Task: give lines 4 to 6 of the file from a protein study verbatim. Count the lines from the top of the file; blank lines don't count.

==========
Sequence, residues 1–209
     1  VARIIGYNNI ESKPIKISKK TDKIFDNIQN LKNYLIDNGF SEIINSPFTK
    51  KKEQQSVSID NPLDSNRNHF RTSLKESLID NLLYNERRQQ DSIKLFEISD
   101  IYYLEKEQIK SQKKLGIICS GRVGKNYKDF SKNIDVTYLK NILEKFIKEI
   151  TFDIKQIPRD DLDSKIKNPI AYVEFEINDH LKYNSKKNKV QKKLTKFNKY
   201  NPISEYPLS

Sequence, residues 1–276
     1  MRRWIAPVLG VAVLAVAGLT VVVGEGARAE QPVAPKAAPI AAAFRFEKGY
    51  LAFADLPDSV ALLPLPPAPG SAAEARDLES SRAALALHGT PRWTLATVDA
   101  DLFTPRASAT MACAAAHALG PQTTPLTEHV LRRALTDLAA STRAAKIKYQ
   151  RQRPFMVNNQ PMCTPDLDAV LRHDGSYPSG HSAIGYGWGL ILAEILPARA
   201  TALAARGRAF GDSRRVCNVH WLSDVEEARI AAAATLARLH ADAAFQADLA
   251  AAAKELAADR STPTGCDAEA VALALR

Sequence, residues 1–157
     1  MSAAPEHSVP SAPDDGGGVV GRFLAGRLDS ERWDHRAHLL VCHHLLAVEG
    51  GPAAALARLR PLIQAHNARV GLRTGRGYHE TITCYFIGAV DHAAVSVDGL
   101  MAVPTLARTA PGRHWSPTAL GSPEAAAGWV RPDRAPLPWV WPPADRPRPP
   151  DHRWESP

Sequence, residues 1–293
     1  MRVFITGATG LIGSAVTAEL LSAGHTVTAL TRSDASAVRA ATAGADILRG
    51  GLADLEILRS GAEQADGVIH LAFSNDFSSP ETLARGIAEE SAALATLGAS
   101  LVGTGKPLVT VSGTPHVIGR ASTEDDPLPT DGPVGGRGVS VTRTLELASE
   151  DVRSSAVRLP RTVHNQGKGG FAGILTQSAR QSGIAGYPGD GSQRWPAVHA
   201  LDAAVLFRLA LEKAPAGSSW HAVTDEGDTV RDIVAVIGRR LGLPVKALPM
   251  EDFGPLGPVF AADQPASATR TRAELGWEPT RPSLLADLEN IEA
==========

   101  IYYLEKEQIK SQKKLGIICS GRVGKNYKDF SKNIDVTYLK NILEKFIKEI
   151  TFDIKQIPRD DLDSKIKNPI AYVEFEINDH LKYNSKKNKV QKKLTKFNKY
   201  NPISEYPLS